Slippage

Solo performance 2003 – 2006

SlippageSlippage is a vehicle; the work is to track the developing hybrid, which will grow from the many local, national and international performances of Slippage. These performances are structured to change and respond to each encounter I have with the place I visit through a direct and practical collaboration with the specific place.

It started as a simple response to a postcard image – which has often been the way I work, to bring to life, to action, a still moment. For some time I have been fascinated by a particular image, It is a still from the 1930’s Cocteau movie La Sang d’un Poete, I had never seen the movie but once I decided to use it as the starting point for a piece of work I found the film and spent some time trying to locate the moment captured in the postcard. It took a lot of time because the actual moment in the film is very fast almost too fast to catch on video. Everything I understood from the still was different in motion, the person in the image was a man not a women, they were going in and not coming out of the frame and the liquid exploding from the frame was paint not water. This set up a whole series of questions about my perceptions of time, movement, space and what is fixed and what is not.

The work became concerned with the literal slippage between body and space and image and sound and how when this happens the viewer finds themselves in a place ‘in between’, a liminal space which is then open to all sorts of ‘readings’ and narratives…

What I am working with is:

  • The framed image – coloured slides (through an ancient projector)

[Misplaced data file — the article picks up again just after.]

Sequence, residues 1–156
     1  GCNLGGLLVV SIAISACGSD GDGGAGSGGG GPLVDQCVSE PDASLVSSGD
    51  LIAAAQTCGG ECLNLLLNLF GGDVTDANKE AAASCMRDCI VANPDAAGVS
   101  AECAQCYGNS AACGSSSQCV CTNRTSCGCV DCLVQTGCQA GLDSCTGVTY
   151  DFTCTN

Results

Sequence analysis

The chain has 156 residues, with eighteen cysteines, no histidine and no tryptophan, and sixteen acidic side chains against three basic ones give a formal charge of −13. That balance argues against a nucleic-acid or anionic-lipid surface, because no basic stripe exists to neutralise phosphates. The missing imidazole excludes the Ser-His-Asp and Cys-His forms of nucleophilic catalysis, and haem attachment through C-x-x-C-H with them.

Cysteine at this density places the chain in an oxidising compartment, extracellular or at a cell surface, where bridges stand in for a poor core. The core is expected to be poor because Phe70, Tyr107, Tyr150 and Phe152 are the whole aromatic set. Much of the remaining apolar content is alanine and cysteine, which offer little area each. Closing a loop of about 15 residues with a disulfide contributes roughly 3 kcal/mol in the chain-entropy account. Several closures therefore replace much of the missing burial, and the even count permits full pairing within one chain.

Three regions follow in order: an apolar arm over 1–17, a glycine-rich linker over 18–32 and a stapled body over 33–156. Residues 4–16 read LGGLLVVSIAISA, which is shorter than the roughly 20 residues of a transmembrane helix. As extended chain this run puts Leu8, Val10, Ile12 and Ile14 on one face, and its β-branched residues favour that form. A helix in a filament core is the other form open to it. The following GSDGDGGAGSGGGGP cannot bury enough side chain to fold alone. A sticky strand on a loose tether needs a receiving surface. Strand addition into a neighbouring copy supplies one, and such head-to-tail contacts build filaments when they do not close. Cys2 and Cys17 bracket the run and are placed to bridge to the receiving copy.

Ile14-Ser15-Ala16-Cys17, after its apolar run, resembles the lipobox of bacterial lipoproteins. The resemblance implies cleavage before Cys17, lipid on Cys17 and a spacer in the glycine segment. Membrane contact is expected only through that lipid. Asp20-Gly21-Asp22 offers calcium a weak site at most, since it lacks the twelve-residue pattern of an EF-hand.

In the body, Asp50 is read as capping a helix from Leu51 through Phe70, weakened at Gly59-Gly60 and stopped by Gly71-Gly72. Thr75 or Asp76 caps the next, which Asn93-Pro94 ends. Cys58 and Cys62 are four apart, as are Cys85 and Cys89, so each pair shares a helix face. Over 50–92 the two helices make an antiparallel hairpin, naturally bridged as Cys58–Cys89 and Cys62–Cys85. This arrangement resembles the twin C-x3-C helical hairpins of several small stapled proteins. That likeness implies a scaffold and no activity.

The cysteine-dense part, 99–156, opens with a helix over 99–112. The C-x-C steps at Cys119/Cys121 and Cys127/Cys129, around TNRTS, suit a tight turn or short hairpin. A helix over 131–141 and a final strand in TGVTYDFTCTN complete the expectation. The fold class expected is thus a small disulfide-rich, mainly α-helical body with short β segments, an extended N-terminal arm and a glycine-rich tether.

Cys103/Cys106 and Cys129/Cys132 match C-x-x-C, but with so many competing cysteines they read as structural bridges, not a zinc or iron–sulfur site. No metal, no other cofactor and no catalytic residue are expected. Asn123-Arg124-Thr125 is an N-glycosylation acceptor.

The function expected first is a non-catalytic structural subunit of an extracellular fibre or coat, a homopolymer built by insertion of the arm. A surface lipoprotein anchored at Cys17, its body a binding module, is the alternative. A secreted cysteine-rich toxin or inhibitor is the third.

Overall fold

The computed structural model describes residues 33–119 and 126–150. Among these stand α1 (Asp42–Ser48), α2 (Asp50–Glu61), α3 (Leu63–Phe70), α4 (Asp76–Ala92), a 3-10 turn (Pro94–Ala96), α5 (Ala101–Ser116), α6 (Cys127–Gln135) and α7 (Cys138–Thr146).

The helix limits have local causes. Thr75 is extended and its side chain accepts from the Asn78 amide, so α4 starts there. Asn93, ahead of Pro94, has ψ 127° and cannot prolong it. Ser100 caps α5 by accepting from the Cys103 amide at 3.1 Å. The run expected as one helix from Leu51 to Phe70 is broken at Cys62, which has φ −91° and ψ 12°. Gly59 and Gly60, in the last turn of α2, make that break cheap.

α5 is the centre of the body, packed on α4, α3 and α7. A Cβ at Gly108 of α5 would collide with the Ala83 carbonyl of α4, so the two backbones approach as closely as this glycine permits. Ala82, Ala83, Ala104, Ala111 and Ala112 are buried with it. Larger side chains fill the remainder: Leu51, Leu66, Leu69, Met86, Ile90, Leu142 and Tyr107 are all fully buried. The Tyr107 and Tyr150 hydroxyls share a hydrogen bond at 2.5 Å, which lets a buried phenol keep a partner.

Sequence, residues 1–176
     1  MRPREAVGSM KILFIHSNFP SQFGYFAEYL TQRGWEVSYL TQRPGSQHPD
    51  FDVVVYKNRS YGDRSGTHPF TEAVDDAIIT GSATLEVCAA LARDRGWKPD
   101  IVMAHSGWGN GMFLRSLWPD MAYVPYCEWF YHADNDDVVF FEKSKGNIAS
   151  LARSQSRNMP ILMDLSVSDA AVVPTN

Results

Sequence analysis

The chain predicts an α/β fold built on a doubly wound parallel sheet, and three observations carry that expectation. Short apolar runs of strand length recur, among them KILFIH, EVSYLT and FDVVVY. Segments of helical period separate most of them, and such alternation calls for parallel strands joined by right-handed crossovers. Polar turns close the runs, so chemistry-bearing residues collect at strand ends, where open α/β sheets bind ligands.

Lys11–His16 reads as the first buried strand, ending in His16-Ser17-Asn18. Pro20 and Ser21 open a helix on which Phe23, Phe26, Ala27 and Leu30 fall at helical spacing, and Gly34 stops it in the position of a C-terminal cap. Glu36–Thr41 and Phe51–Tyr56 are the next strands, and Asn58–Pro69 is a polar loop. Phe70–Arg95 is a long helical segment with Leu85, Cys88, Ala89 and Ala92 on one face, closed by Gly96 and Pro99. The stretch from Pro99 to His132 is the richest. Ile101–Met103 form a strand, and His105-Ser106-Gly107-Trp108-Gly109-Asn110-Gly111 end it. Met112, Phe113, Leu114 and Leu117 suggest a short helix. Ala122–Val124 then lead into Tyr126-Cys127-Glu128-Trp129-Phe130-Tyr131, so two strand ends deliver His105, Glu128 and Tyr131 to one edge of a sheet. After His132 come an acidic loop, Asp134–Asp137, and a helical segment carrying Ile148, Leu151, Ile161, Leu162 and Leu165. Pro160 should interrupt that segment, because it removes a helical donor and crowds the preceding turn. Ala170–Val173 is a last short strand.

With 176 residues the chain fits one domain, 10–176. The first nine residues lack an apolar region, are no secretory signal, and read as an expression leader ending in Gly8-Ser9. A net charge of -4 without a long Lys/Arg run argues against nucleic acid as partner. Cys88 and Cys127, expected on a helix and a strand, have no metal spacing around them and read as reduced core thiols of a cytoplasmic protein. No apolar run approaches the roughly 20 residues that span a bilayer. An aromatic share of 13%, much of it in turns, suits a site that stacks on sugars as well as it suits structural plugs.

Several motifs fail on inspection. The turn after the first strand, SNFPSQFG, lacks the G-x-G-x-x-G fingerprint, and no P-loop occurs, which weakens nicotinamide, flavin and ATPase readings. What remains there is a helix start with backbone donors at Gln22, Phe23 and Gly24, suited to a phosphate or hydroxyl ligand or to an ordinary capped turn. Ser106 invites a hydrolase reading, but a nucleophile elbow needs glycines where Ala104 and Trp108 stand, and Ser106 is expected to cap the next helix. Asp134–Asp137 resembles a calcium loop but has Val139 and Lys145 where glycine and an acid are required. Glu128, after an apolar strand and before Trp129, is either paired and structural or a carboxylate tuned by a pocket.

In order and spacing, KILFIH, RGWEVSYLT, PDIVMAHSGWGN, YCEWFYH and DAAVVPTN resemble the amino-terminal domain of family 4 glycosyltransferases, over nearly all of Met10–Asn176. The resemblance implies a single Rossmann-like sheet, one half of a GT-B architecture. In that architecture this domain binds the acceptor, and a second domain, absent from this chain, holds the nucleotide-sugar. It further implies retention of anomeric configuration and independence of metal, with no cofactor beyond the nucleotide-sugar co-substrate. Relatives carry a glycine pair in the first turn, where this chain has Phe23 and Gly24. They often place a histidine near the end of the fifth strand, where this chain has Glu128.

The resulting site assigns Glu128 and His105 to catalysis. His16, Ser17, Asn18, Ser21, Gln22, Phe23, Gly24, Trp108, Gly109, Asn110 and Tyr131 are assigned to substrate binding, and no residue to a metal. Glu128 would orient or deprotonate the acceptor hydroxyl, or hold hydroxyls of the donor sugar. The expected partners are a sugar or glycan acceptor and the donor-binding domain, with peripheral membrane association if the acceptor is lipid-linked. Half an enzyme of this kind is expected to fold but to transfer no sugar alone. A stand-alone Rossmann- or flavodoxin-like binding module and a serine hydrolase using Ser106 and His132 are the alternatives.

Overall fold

• The moving body (mine)
  • Sound landscapes (manipulated found sound)

The fact that the slide is a still / captured moment but yet the body is a moving and freer material is an important tension for me. When they meet and connect there is no longer a clear separation, in that moment something very interesting happens, in a way they collide, the slide becomes fluid and the body becomes fixed.

The sound (which at the moment is used in pure juxtaposition to the action and has been chosen for the space it creates) binds the work, it is the glue, it allows the brain to begin to construct small narratives, but does not give enough structure to fix the stories, it allows the material to remain fluid.

The relationship between the three materials chosen is the crux of the work, it is how they are chosen, and then balanced and honed down which will create the hybrid I am searching for.

The chosen structure for the work is the idea of the frame, something we all recognize yet the way I am using it is no longer fixed in 2D, the image escapes through the body, by being seen to step in and out of the frame. I like the tension of trying to contain the image in the frame through the slide machine, being able to switch the image off and on, creating as if by magic a picture through light that can disappear or be transformed in any moment of time.

Back to basics, a technology that can be understood by the eye but confuses the perception.

SlippageI have been working on the ‘event’ since September 2003. In that time it has gone through three major transformations. The first performance was in Montreal where I presented the work very simply – myself and 20 slides and a soundtrack working alongside each other.

By winter when I performed it in England, the Canadian slides had taken the place of some English ones, and a journey of memory had begun – also I added a action involving pouring water over my head which cut across the memory into the absolute present moment of live performance.This performance then travelled to Norway where from conversations there, I decided to add text. (See above)

In summer 2004 I took Slippage to France, where I had a week to develop my ideas as part of a collaborative artists meeting. Straight after that I was commissioned to be part of a residency at a gallery in Cambridge – where I was collaborating with 2 artists on a durational work over 4 days using the slippage material. This completely challenged the 20-minute time frame and therefore my relationship to the space and place. It became a durational work that was open for 5 hours a day. Since then I have performed the work, but each time changing and rearranging the slides and thus the responses. I have not performed slippage now for awhile but am considering returning to it, maybe this time with different technology!

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